Can you talk about the musicians you have played with over the course of your career? Have you had improvised encounters with musicians that you have learned a lot from?

CW: I try to learn from every musical situation, but sometimes I try to avoid certain ones. I learned a lot from my teachers. Nowadays I learn the most from the musicians of my working bands because there is a big understanding for each other and a lot of confidence. I am not a big fan of ad hoc ensembles.

Is there anything specific in other forms of improvised music that you feel you have to remove yourself from? Would you agree that a lot in this field of improvised music has to do with considerations like not doing something, holding oneself back from certain activities and gestures?

CW: I just try to play when I have the impression that a musical gesture and contribution makes sense in that moment, otherwise I try to shut up. I hear a lot of not really important notes in some improvised music. But I cannot exclude myself – it’s not that easy to only play the right notes at the right time.

Can you talk about the music scene in Bern that shaped you, as well as your formal education with Billy Brooks, etc?

CW: I moved to Bern for my studies at the Swiss Jazz School in 1981. I wasn’t too sure whether to become a jazz musician. It’s funny, the first bands I had in Bern were rock groups. I found myself in a Rolling Stones cover band and in blues and art-punk bands, for example. At the same time, I also played a lot of jazz in different settings – from a piano trio to a big band. The years at this school were a bit strange to me, I felt a bit on the outside in a way. On the one hand, I tried to be a part of this jazz scene and I was increasingly interested in contemporary and improvised music and in music which I’d never heard before. There was this incredible concert series called “Jazz Now Bern”, which was really fantastic and important to me. It went on from mid to the end of the eighties. They organised a lot of great shows from the AACM in Chicago, the New York downtown scene, the whole scenes from Germany and the GDR, a lot of great English, French, Dutch and Swiss musicians. In 1986, I became a member of the WIM Bern, an association for improvised music. They organized weekly sessions and I was always there.  A bit later, I started to work for the association; organising concerts and festivals, printing flyers, etc. Beside of all of this, I studied with Billy Brooks for more than four years. He was incredible, too, quite strict, I had to practice a lot. Around 10 years later, the same thing happened with Pierre Favre. He was also very important and very supportive of me. It was at this time that I worked on my first solo CD. That was around 1995.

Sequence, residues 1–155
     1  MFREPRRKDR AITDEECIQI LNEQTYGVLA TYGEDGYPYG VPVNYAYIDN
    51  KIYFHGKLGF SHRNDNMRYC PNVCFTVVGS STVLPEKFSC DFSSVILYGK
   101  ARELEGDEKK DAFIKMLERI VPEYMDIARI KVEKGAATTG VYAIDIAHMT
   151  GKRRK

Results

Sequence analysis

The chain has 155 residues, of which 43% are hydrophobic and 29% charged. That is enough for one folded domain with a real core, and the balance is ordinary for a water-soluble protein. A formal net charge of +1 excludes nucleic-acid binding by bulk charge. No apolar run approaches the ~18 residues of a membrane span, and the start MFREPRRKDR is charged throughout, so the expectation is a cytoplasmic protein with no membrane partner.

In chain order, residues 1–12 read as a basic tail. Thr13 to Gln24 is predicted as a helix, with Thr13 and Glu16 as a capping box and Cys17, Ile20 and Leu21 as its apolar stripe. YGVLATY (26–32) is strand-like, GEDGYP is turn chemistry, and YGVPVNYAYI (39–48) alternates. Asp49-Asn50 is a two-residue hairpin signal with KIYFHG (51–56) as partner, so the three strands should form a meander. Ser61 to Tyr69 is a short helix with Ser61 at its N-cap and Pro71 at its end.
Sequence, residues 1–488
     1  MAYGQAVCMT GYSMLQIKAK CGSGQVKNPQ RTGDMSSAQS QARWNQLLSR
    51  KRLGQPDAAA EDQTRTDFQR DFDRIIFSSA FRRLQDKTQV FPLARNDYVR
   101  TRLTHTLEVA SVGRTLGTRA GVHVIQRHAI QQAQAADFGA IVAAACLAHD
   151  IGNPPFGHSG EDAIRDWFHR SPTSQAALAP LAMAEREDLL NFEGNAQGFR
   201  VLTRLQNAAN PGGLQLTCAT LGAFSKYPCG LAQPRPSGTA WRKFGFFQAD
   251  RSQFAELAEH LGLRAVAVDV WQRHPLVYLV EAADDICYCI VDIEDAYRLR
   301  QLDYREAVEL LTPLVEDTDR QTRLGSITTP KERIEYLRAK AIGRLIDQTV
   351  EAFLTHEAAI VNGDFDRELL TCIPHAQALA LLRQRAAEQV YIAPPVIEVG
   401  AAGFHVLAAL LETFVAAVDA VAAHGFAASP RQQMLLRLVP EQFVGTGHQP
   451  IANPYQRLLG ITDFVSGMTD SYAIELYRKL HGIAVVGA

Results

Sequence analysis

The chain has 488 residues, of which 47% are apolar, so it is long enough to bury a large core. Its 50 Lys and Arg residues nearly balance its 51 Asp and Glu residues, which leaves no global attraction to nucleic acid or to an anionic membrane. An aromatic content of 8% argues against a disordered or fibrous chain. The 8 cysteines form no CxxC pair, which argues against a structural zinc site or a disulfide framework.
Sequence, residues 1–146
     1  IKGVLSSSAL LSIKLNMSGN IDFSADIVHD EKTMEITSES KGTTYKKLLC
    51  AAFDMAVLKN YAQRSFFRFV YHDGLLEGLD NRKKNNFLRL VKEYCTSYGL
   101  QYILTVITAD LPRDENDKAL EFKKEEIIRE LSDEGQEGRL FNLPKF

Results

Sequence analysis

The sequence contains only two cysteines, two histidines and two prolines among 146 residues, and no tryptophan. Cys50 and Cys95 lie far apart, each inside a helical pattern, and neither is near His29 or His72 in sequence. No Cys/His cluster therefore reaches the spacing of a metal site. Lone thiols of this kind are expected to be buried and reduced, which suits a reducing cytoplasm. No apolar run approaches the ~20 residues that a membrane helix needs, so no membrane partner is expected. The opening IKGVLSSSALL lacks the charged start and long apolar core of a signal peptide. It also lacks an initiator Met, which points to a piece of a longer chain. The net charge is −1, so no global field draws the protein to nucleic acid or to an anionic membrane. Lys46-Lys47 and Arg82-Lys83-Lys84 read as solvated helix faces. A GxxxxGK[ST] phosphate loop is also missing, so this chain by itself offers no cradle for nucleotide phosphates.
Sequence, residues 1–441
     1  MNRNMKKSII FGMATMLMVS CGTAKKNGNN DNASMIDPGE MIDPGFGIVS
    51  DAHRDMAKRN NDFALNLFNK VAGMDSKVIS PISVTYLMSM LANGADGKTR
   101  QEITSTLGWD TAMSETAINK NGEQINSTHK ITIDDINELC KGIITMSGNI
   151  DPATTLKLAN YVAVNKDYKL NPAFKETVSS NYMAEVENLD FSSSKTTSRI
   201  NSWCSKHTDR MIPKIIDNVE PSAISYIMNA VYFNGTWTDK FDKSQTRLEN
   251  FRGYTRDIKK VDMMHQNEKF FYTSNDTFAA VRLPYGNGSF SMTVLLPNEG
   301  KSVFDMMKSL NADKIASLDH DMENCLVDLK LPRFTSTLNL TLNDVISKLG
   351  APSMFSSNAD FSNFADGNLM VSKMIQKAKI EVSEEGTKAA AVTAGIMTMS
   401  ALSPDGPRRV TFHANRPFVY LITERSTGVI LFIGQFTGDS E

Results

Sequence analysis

You also have your own label called hiddenbell records.

CW: I started to run the label to release my acoustic solo perecussion series of four 7″ vinyl singles in 2009.  Then I did a collectors box with these four singles with a booklet with texts by four friends an pictures by myself. The next release was a double CD with this material on the first CD, and a CD with remixes by Günter Müller, Joke Lanz, Hans Joachim Irmler and Rashad Becker. The last CD was “Scheer”, played only with cymbals. My goal is to open the label for percussion music.

What are you working on at the moment?

CW: Actually I’m working on my new solo LP, which I hope to release at the end of the year on hiddenbell records. I’m also still working with the guitarist Christian Buck in a duo. We play compositions that are written for us. And for sure, there is also the project WintschWeberWolfarth. We have been playing for around 15 years together. And as of this year, I’ve been also playing with Jason Kahn in a duo. He just uses the voice and I use cymbals. A very light duo…;-)